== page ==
Patterson fifth in girls wrestling regional meet

 

Last updated 2/8/2022 at Noon

Charlie Kanzig

Daisy Patterson competes for the Outlaws.

Sisters High School senior Daisy Patterson completed her high school wrestling career on Saturday, February 5, just short of her goal of qualifying for the state tournament for the first time.

Patterson fought her way through the bracket after a second-round loss and had a shot at third place and a state qualification, but it was not meant to be.

The Special District 3 Regional Tournament, held at Redmond High School, was one of four regional meets held around the state and serves as the qualifier for the state tournament for all classifications 6A-1A. The top three finishers in each weight class in each region advance to State.

“It’s very competitive to make it to State,” said Coach Gary Thorson.

Reaching the pinnacle of her high school career had some ups and downs, according to Daisy.

“I had some injuries when I was younger and that’s when I decided to only wrestle against girls,” she said. “I worked really hard this year in order to reach my goals.”


At the tournament, Patterson started the day strong, with a victory by fall over Dayana Sepulveda of Riverside High School. But when she went up against Kirsten De Lazerda of Estacada, she was pinned at the 2:48 mark.

In the consolation round, Patterson picked up wins by fall over McKenzie Demetrakos of Henley and Luca Willins of La Grande, setting up a match against Maisle Bandal-Ramirez of The Dalles/Dufur. With a shot at qualifying for the third-place match on the line, Patterson came up short and was pinned just before the three-minute mark.

Patterson bounced back in the match for fifth place and made short work of Rilley Robinson of La Grande, pinning the Tiger in just 1:09. She finished the season with a record of 18-8.


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Thorson expressed his appreciation for Patterson following the meet. “She has had a great career as an Outlaw wrestler,” he said. “She was a bit of a pioneer for the girls wrestling program here and became the first female to wrestle and letter all four years and has been a tremendous leader and mentor for many in our program. She has shown a great work ethic and has been an outstanding teammate.”

Her father, Charlie, who wrestled throughout high school himself, talked about Daisy’s start as a wrestler.

“When Daisy was in fifth grade she told us she wanted to wrestle because her brother Chaz was doing it. I told her no because I didn’t really think girls should be wrestling,” he said. “Of course I was made a fool of a year later when she started and I found out how many girls were actually wrestling in Oregon and how much traction the sport had gained.”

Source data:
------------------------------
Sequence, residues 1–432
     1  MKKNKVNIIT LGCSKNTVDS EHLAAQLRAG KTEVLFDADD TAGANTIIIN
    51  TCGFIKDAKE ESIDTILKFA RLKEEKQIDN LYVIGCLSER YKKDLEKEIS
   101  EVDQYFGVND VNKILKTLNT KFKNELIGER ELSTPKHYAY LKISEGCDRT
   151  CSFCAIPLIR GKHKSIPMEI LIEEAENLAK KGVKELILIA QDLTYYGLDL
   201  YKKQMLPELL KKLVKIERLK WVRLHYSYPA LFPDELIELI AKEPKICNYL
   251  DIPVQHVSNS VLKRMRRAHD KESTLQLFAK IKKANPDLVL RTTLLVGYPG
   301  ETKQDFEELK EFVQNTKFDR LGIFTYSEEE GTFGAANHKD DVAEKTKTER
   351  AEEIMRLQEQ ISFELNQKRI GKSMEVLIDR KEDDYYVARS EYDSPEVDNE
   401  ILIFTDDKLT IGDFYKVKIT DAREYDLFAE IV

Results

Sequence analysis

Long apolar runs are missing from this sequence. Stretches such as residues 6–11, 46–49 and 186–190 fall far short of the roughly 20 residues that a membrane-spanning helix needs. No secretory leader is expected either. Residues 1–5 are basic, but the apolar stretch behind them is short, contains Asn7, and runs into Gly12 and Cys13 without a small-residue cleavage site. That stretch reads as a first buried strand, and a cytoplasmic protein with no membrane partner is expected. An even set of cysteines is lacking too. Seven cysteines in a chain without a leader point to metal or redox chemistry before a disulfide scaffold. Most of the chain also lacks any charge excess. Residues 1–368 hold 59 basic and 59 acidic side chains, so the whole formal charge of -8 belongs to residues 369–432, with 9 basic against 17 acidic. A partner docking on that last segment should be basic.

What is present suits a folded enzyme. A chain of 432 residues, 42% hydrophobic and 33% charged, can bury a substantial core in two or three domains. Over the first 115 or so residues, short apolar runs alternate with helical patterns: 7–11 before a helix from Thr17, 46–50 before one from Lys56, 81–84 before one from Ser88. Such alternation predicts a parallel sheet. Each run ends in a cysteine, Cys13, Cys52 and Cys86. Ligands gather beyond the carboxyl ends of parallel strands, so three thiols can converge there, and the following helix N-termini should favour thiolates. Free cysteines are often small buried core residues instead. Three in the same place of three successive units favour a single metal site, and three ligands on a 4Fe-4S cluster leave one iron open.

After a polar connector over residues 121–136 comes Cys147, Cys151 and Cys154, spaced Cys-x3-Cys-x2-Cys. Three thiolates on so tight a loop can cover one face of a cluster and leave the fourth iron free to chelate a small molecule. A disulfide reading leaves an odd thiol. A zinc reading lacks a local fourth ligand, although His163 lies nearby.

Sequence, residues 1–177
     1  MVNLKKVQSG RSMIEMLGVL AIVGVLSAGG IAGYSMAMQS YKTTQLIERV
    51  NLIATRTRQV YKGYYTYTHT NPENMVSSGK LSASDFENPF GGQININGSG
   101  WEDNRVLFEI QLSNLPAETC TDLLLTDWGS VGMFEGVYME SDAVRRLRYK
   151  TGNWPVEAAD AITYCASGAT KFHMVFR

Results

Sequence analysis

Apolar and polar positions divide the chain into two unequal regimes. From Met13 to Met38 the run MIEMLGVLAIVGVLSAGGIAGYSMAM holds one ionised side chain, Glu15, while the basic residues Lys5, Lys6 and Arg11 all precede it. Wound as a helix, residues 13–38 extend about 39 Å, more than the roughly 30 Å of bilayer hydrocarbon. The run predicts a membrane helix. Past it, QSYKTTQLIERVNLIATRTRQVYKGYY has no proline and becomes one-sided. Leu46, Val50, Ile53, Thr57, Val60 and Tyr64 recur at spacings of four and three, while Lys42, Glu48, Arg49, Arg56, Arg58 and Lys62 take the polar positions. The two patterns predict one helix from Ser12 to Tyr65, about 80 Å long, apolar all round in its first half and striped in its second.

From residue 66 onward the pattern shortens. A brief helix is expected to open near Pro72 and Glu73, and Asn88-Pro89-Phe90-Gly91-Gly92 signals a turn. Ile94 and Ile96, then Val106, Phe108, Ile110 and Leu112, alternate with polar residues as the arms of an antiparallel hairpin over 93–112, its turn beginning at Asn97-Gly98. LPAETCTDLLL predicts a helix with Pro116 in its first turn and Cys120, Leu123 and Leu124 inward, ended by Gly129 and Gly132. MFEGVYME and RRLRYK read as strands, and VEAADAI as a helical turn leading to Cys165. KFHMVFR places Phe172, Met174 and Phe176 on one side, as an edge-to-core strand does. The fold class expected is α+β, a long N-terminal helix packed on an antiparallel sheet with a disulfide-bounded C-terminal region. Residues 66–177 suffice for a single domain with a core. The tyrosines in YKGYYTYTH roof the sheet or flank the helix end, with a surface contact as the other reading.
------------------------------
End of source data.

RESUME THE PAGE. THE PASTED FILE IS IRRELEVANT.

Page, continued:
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He chuckled, remembering how he decided to let her proceed.

“I told her if she really wanted to wrestle she would have to prove it, so I told her and her brother to strip down to their underwear and wrestle right there in the living room and if she could get him on his back, I’d let her wrestle. She did it and the rest is history.”

Brady Patterson, Daisy’s mother, said, “I love it now, but it was tough at first to watch. It’s a brutal sport, but it’s what she wanted to do and we have supported her fully.”


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Daisy hopes to see more and more girls consider wrestling as a sport.

“I think for girls it’s important to put yourself out there and get out of your comfort zone, which will definitely happen if you choose to wrestle,” she said. “I have learned a lot from wrestling, including how important it is for me to carry my weight on a team.”

She continued, “Wrestling is really hard, so to become successful you really have to push yourself, and by doing that you gain a lot of confidence in general.”

In reflecting on the tournament, Daisy said, “Even though I didn’t make it to State, I am thankful for my coaches, friends, family, and other teammates who came to watch me and support me,” she said. “That means everything to me.”

While Daisy doesn’t plan to pursue competitive wrestling after high school, she is interested in coaching.


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“I would really like to be part of encouraging more girls to try the sport,” she said.

 

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